I have long been a careful eater.  Some might call me picky.  This isn’t really fair, because my refusal to eat certain foods has never arisen from finicky taste buds, but from strong ideas about health, morality and the environment.    I won’t burden you with these here, partly because it would take too long, and partly because, unlike the classic picky eater, I try to stay fairly quiet about my no-no foods, and to graze among the acceptable possibilities.

This pickiness, combined with the wish not to be a pain (especially when a guest), has sometimes exposed me to hunger.  And ridicule.   For years, for example, I was the subject of jokes among office mates due to my bringing carrot sticks and plain yogurt to a Yankees’ baseball outing.  (I have recently learned that the new Yankees’ stadium actually serves hummous and carrot sticks as one of its standard offerings.  Which just goes to show that my eating habits were not ridiculous but simply ahead of the curve.)

Last week, The New York Times published twenty rules for healthy eating chosen by Michael Pollan, author of In Defense of Food.  These were rules that Pollan had gleaned from readers, promoting among other things, the eating of apples when hungry, and the un-multi-tasked meal.

I’m not sure I’m capable of eating the un-multi-tasked meal on a regular basis, though I do love apples.  Still, after reading these, I came up with ten eating rules of my own:

1.  Avoid foods that are fire engine red, flame orange, any kind of blue, or electric green, unless they are unadulterated products of the vegetable kingdom.  In other words, yes fruit, nix Loops.

2.  Learn to say no to anything deep fried.  (This is relatively easy for me since I was raised by a mother who made all around her peel the skin off fried chicken, even her own 88-year old mother who used to groan “but that’s the good part.”)   If you have to have something deep fried, get your dining partner to order it, then sneak the occasional bite off of his or her plate.

3.  Ditto with dessert.  Get your partner to order it, and then sneak spoonfuls.  If you have dessert at home, refuse it at the meal, and then have small careful wedges standing at a counter or in front of the open fridge.   (Such wedges, eaten at midnight and intended to “even out” the dessert’s edges, have the advantage of being absolutely calorie-free.)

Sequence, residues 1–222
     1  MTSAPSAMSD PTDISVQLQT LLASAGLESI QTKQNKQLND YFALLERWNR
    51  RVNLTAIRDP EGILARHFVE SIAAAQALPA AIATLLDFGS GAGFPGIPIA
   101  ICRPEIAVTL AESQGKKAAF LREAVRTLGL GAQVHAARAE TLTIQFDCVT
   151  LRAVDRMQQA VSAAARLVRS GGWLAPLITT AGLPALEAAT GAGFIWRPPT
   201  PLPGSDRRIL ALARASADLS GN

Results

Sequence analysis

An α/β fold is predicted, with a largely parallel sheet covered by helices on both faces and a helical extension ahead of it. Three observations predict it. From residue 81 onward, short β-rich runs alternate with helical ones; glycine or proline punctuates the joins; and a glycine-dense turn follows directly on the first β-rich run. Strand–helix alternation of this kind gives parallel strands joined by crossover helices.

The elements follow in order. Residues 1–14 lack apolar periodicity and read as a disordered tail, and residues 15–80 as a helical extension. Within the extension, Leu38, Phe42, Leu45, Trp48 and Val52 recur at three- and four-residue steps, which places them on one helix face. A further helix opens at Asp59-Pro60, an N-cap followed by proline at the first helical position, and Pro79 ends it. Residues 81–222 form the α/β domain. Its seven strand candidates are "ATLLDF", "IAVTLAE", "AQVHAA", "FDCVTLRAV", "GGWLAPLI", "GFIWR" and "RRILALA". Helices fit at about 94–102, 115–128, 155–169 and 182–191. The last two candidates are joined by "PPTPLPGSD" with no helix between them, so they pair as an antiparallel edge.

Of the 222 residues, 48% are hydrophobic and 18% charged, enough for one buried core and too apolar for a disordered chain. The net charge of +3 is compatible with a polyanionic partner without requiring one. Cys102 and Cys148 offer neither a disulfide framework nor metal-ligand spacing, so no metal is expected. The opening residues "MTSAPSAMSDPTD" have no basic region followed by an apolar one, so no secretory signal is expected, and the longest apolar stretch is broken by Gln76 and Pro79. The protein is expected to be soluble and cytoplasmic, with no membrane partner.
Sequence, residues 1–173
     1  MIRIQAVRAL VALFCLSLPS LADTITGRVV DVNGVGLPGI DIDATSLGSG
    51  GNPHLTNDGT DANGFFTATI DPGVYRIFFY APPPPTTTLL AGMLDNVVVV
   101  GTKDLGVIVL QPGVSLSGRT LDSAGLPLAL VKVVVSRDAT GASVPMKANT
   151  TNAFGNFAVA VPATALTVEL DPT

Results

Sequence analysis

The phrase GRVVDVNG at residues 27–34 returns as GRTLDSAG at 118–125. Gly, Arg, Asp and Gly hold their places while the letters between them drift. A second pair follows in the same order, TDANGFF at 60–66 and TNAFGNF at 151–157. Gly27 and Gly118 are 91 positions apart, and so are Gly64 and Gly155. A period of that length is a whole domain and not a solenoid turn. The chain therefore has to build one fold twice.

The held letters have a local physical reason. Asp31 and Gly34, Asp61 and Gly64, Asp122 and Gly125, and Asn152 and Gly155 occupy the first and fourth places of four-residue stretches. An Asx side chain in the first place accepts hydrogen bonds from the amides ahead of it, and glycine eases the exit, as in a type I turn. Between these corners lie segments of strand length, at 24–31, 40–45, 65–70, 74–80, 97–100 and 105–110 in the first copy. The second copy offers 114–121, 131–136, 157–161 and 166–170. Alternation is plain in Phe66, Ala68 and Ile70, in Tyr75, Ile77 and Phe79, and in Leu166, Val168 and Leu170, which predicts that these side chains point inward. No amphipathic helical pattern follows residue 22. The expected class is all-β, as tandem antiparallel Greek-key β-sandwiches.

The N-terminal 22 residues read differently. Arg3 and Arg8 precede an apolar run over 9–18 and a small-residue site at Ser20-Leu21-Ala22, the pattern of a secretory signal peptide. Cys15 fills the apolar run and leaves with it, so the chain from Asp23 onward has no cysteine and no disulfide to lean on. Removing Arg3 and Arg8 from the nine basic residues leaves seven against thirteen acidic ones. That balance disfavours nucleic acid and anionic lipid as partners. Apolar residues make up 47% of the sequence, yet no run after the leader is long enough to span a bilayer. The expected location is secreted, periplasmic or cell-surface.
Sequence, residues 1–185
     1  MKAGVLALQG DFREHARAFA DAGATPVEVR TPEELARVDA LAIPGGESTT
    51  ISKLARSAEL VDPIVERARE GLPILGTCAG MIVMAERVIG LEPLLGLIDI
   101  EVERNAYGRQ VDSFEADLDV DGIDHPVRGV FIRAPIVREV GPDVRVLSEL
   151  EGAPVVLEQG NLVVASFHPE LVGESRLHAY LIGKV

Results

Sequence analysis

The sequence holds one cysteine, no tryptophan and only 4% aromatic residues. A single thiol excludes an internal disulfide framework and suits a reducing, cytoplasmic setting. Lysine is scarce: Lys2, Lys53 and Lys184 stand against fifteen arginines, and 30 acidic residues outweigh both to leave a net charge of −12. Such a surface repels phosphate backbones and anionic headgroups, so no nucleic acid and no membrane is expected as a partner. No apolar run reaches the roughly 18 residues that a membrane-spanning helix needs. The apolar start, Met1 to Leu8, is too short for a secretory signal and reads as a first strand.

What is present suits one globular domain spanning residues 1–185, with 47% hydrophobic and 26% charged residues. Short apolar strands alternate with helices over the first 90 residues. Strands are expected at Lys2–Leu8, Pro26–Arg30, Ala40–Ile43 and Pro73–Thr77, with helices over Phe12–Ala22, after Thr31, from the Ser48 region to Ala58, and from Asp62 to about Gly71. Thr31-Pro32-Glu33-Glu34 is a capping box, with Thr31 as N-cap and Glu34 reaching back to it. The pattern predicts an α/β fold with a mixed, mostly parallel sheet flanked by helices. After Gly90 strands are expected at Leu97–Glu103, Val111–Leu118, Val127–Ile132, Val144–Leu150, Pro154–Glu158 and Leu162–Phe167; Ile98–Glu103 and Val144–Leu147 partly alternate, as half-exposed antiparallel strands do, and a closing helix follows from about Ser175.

4.  Don’t buy things you can’t resist.  You will not be able to resist them.

5.  Don’t buy baked goods that come in packages that are easily stacked.  Actually, it’s probably advisable to generally avoid stackable food, especially if raw.  I make an exception here for crates of clementines (even though they are probably horribly sprayed) and those plastic cartons of organic salad (which are environmentally awful, but awfully convenient.)  (I would avoid non-organic salad mixes if stackable.)    This rule does not apply to cooked or dried foods – i.e. cans of beans, cases of plain yogurt (yes, yogurt has been heated), and any kind of whole grain.

6.  As a cook and mother, you basically have two choices:  either give in to the urge to taste constantly while you are cooking, serving, and cleaning up, and don’t eat anything during the actual meal; or steel yourself to taste absolutely nothing (not even that bit that will go to waste otherwise), and sit down and eat from your plate with the rest of your family.

7.    Here’s a couple of travel rules, learned, thankfully, not from my own experience, but from watching a husband: when traveling,  pay attention to the cues of waiter or waitress:  i.e. (i) do not order the “meat sandwich” in India, if the waiter tells you at first that they are out of it, and (ii) do not order a dish, even a “regional specialty,” if the waitress, shaking her head, keeps trying to dissuade you.

8.  Learn to like vegetables in all forms and varieties.  (I make an exception here for okra.)

9.   There are two fairly unadulterated, high antioxidant, foods that are (either one or the other) generally available in almost any establishment:  (i) tea; (ii) red wine.  (White, if not red, though lower in reservatrol).   In situations where the food is either doubtful or deep-fried, stick to one of these.  Unless–

10.  Unless, you are really really starving, already jittery and/or tipsy, and not in hummous-filled Yankee Stadium.   In that case, go for the scrambled eggs.